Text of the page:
US gun violence: ‘Ghost guns’ target of Joe Biden

US gun violence: ‘Ghost guns’ target of Joe Biden

US President Joe Biden targets homemade “ghost guns” as part of a new set of methods to tackle gun violence, a White House official mentioned.

To curb this, Mr Biden will enact the measures through an executive order, implying he will not need sanction from Congress.

The move comes after high-profile mass shootings the previous month.

A total of 18 people lost their lives in two mass shootings, one in Boulder, Colorado and the other in Atlanta, Georgia.

The executive order will comprise procedures on the use of stabilising braces and community violence prevention.

However, the president will have an arduous task. The Second Amendment secures the right to bear arms to the US Constitution and many people see gun control laws as invading on their constitutional right.

The proposed measures

On Thursday, Mr Biden will share that he has given the Justice Department 30 days to suggest a rule that will help decrease the number of “ghost guns”. These guns are self-made, which means they do not comprise a serial number and cannot be located.

Mr Biden will also give the Justice Department 60 days to chart out a rule on stabilising braces for pistols. Under the law, the braces, which can be used to turn a pistol into a short-barrelled rifle, would require to regulate under the National Firearms Act.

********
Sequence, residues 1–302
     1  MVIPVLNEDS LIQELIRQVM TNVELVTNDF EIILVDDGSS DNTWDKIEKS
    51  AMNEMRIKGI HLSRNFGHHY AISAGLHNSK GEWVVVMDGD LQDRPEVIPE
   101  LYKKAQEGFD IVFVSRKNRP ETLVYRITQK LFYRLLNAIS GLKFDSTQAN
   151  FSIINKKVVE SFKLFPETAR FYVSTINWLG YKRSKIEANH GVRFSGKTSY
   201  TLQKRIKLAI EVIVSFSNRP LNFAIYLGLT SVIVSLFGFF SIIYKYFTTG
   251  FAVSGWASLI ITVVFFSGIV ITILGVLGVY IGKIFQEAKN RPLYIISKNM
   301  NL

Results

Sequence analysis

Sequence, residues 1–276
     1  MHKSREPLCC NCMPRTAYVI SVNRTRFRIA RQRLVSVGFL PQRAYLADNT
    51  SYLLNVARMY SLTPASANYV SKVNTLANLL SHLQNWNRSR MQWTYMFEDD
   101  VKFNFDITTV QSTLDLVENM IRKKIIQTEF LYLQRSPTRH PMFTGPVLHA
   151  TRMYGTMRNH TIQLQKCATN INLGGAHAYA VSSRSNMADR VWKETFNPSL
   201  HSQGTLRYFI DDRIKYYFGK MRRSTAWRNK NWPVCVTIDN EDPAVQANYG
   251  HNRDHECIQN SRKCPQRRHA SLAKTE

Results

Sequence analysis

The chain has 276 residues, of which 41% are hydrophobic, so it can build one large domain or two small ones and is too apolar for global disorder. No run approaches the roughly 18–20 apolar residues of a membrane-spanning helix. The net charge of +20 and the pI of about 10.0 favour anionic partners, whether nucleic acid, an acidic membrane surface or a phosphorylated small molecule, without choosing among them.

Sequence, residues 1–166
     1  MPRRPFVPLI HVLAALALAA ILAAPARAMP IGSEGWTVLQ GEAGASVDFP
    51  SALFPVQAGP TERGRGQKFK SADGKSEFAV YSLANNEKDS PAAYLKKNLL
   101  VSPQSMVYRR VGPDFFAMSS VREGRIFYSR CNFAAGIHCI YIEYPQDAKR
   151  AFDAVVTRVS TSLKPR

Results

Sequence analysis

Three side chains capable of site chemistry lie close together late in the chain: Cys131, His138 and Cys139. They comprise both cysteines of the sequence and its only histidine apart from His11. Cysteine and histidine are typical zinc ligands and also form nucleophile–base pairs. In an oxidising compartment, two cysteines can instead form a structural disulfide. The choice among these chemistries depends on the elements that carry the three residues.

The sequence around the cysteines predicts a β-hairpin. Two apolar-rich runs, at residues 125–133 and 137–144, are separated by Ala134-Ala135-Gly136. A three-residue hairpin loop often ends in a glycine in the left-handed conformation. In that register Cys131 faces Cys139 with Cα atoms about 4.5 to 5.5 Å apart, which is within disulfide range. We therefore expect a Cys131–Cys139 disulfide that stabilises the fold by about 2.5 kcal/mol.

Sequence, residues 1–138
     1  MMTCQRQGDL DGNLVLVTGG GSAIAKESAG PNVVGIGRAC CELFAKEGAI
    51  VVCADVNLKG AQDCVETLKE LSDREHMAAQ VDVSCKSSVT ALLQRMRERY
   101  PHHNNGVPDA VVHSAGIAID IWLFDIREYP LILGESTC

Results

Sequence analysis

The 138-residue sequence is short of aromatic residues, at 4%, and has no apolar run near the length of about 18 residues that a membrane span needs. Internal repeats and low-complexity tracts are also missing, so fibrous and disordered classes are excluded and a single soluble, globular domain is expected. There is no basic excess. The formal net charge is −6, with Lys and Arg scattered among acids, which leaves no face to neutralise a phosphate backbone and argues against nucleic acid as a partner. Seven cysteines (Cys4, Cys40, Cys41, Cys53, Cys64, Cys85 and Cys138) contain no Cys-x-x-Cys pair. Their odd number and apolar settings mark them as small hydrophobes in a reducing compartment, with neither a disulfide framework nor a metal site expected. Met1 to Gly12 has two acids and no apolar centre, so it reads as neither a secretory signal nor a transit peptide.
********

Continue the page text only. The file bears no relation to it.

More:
The Justice Department will also need to draft a “red flag law”, which states can then use to make their own legislation. These laws permit the courts and law enforcement to remove guns from people considered a risk to the community.

As shared by an official to Reuters news agency, this was just the first step in dealing with gun violence and that Mr Biden would continue to support gun legislation.

“The president will not wait for Congress to act before the administration takes our own steps, fully within the administration’s authority and the Second Amendment, to save lives,” the official said.

Getting further steps through Congress would not be easy. The US Senate is presently split 50-50 between Democrats and Republicans, with Democratic Vice-President Kamala Harris carrying the deciding vote.

But, because of Senate rules, in practice, 60 votes are required to pass legislation, so some Republican support is needed. Republicans have obstructed substantial gun control laws in the past.